Just after I arrived in Chicago in 1965 to study and to minister, the Community Renewal Society published an article suggesting that theological conservatives can’t make it in the city because they take their Bibles too literally. They said that when you take the Bible literally, you swallow an essentially rural milieu: “God builds gardens; men make cities. God prefers shepherds to vine growers and certainly to city dwellers.”

I began then in 1966 to look at the biblical data. That became extremely important for me because in my tradition and in my own experience, biblical materials were normative for deciding whether I had a mission in the city at all or whether I would have to abandon Scripture and stay in Chicago for other than biblical and theological reasons.

So I began a study of some 1,400 scriptural references to cities, including case studies of biblical cities, philosophy, the theology of corporate solidarity, and other kinds of biblical data. I suggest that we have biblical and theological resources for urban ministry. Let me use a simplistic outline and talk about principles, places, and persons.

A Theology Of Principles

Under biblical principles, let’s return to the principle of materialism. The Bible begins with creation; it centers on resurrection; it anticipates re-creation.

In Exodus 31 there is a little post-Red Sea vignette about two of my favorite fellows, Bezalel and Oholiab, who are given a special ministry by the Spirit to design and build a tabernacle. God is suggesting that this first-generation migrant group cannot exist worshiping only an invisible God, even with the benefit of fire, cloud, and pillars; even with such people as Moses, and with such institutions as worship, Sabbath, and codes. Some visible representation of the deity and some worship center upon which the people can focus are needed.

Luther understood this principle of materialism well when he told my forefathers, the Anabaptists, not to shatter the statutes or the liturgy or the calendar until they had replaced them with something else. Moses understood it too.

I think that such a concept is important, and I have seen it fulfilled. This thing that happened to Bezalel and Oholiab—this gifting of these former mud-brick makers by God with architectural and other skills to teach Israel in the wilderness—I have seen happen to Spanish immigrants and migrants. I have seen a real mess of a three-bedroom suite purchased for a Spanish-language seminary in Chicago. And I’ve seen the skills of Puerto Rican Christians emerge within our community as they fixed it up.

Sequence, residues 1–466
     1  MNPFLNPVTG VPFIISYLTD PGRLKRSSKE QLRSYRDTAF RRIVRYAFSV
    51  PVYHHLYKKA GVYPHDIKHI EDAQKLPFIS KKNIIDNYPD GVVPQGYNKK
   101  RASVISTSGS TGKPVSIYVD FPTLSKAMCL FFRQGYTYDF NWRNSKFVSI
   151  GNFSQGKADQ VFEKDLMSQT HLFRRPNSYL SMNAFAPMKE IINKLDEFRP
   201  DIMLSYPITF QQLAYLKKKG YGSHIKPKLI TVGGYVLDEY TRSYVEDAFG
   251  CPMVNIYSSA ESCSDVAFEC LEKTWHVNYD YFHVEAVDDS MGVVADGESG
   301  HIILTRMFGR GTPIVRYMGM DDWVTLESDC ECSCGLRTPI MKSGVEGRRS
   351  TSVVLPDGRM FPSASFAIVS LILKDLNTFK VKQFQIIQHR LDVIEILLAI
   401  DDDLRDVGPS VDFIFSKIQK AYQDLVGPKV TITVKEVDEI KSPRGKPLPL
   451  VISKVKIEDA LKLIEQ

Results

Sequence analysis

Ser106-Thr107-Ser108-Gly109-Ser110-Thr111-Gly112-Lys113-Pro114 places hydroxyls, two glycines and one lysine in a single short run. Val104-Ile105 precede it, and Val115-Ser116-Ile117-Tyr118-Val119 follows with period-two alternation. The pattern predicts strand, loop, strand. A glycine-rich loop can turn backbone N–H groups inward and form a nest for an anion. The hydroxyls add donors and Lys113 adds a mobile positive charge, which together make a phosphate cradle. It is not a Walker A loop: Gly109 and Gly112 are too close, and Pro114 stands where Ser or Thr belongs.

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I see this “materialism” as scriptural and as the only way the church can take on the city and at the same time fight the escapist options presented by the Oriental religions.

There is also the principle of corporate solidarity in both Testaments. Ever since H. Wheeler Robinson’s essay on this topic appeared about the time of World War I, people have noticed that in the Bible individuals are often appendaged with a tribe or a place. You are “Bar Somebody” or “Ben Somebody”; you are from some place, you are part of a tribe. You are known by something other than just your individual self.

All the way through Scripture we see a principle of corporate solidarity: man and community. That principle gets us beyond the atomization or individualization of the Christian experience and makes it possible to deal with the city as a collection of people and interlocking institutions. We have a theology that says we are a part of a whole. As John Donne said, “No man is an island.”

Also important is the principle of incarnation. “The Word became flesh and dwelt among us.” That perhaps is the most powerful of all biblical principles. Our Lord did not wire the universe for stereo, put a woofer on Mars and a tweeter on Venus, use heavenly angels to sing the “Hallelujah” chorus to us, and, in multilingual vapor trails in the sky, beg that we repent. Instead, the Word became flesh, dwelt among us, and experienced human life. I think that at Christmas we ought to rehearse for our people not only the facts of the Incarnation, but the significance of those facts in our ministry as we incarnate ourselves in the life of the city.

A Theology Of Place

A few years ago evangelicals were developing a theology of persons, and we became very person centered. Then it began to dawn on me that there was another area that we had not explored: the theology of place. So I began to look at biblical places, particularly at cities referred to at least 30 times.

There are two chapters, for example, given to the study of Sodom (Genesis 18 and 19). Everything that prejudices anyone against all cities everywhere will prejudice you against the city if you look at Sodom. And yet there are some lessons there.

One is a godly motive for urban concern. The entire eighteenth chapter of Genesis is devoted to prayer, a prayer of negotiation. It is stylized to be sure, but it is a prayer in which the justice of God comes through. In verse 25 Abraham asks, “Will not the righteous Judge of the whole earth do what is right?” It is a confession of Abraham, a man of faith. It is also a prayer for a place, not for a specific person or program. It is a prayer for Sodom, and I think that is important.